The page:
My recent visit to White Mountains was an add-on to a longer visit to Porcupine Gorge, north of Hughenden. I’ve been to the Gorge several times before and wrote about the area at some length after my visit in April last year, covering the Gorge, its wildlife and nearby points of interest in three separate posts.
The main focus of this post, therefore, is the effect of the monsoonal floods early this year. Townsville was hit hard, but so was Western Queensland. The Flinders River had 50-year floods and was 200 kilometres wide at its peak; and the Flinders, of course runs from the Burra Range and the northern corner of White Mountains National Park through Hughenden to the Gulf, picking up the waters of Porcupine Creek on the way.
I haven’t been able to locate any photos of Porcupine Gorge in flood. Much as I would like to see some, I don’t really expect to, since everyone in the region would have had more pressing things to do at the time, and the access roads were probably cut anyway.
Six months on, what we found was a creek at its normal levels in a channel which had been thoroughly scoured. The difference is most apparent in this pair of shots looking down the gorge towards the Pyramid.
The colours of the more recent photo are duller merely because it was taken late on a cloudy afternoon but the other differences are real.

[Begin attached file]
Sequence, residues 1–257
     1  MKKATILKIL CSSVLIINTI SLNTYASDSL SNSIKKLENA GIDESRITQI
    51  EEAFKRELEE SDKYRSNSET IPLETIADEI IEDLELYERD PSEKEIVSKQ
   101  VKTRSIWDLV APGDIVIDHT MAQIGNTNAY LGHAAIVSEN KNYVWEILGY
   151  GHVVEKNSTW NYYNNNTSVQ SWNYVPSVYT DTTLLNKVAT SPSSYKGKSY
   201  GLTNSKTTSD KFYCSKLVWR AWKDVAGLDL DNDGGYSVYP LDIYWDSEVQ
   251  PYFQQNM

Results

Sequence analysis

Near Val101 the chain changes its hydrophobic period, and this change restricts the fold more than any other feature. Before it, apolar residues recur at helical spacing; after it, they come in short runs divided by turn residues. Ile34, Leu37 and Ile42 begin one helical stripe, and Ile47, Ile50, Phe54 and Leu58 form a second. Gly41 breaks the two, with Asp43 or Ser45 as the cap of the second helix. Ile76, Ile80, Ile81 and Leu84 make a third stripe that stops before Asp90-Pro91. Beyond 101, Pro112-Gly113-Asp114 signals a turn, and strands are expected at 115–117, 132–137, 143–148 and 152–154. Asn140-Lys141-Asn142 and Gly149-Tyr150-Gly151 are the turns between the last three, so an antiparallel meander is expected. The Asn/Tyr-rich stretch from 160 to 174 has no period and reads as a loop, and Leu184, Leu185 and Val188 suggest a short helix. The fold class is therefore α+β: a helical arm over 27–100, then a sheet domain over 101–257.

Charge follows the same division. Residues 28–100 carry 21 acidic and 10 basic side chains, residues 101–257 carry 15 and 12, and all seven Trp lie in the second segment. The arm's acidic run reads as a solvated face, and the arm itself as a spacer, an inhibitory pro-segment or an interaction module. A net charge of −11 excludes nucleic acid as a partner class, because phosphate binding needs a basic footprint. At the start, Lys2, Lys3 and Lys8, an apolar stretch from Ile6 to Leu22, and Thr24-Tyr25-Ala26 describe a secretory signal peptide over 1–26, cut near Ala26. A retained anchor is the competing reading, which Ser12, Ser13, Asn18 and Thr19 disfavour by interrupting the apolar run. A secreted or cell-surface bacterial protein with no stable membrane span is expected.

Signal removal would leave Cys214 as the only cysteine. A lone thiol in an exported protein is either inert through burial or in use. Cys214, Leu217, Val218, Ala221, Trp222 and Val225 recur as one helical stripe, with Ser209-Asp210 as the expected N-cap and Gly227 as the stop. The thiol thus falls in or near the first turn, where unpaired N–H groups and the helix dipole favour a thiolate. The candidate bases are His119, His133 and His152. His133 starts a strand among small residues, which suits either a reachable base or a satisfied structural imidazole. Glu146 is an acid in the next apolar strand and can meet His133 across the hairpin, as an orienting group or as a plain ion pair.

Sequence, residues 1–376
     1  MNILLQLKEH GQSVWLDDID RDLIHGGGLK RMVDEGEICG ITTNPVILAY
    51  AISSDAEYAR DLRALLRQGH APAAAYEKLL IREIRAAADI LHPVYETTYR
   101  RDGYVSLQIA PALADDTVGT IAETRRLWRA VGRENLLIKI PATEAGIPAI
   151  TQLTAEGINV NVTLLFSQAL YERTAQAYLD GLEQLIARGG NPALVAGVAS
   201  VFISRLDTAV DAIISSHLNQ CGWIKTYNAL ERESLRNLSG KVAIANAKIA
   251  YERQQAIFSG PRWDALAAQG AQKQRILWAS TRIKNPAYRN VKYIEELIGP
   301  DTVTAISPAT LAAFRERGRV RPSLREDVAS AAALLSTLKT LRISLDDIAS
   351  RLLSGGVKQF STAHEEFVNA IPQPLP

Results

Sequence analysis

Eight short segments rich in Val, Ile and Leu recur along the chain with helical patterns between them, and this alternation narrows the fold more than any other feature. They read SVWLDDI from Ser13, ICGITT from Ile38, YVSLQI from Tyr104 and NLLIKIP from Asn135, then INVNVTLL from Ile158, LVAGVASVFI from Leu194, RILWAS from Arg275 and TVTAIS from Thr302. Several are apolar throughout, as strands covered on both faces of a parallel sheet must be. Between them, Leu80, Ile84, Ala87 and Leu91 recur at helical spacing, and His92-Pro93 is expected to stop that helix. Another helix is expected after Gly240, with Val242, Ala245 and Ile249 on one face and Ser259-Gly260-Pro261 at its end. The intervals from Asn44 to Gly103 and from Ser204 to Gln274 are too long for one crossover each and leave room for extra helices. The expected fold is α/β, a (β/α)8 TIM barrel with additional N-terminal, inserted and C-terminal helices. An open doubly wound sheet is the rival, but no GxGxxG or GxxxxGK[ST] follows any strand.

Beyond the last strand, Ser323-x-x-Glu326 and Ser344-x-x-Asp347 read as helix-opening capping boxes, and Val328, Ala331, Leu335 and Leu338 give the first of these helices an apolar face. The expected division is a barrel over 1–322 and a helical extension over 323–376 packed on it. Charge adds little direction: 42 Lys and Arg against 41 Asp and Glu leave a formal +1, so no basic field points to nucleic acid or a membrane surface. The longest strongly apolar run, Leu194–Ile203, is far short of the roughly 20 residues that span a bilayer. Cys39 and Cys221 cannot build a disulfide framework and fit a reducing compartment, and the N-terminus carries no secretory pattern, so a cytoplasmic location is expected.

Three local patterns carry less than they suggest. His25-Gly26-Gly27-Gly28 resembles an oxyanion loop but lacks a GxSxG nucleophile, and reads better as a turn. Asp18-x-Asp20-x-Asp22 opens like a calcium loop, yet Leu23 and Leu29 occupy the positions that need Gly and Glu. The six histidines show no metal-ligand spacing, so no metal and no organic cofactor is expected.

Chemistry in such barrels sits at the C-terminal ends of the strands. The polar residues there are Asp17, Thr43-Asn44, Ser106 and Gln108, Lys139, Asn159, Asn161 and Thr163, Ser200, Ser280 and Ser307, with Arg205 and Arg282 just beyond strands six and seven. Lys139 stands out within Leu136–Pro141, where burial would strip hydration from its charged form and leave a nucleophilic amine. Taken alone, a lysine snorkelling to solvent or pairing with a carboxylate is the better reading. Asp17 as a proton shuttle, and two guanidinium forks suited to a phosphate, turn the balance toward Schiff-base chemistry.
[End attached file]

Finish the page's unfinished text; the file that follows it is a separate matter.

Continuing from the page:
Firstly, the extensive loss of vegetation (mainly bottlebrushes) on the gorge floor has exposed far more of the sandstone base and dark grey drifts of rocks, gravel and sand. A closer view reveals that many of the trees are beginning to show new growth, so recovery may not take too long, but it all looks very bare at present.
Another creek runs into the gorge from the left to run along the face of the Pyramid and the combined flow of the two creeks continues in that direction for about fifty metres before swinging left again to continue south. There has always been a big alluvial bank covered with small trees on the inside of the curve beside the Pyramid, but the recent flood overwhelmed it and then dropped an enormous quantity of stone and timber debris on it. At the same time, it stripped a couple of metres of sandbank, and an entire row of mature trees growing on it, from the outside of the curve.
I couldn’t find a vantage point for a photo to adequately convey the result, but have to describe it as messy. In a few more years, though, it will re-shape itself into something beautiful – and there are still beautiful views now, of course.
The Gorge Lookout
From the Lookout, ten kilometres downstream, the countryside was looking good, the cliffs were as dramatic as ever, and the ribbon of water at the bottom still sparkled when the light caught it.
A careful look at the gorge floor, however, shows that it has been completely scoured of any loose material, and a little thought suggests that the water speeds must have been much greater in this narrow channel than in the relatively broad section near the Pyramid.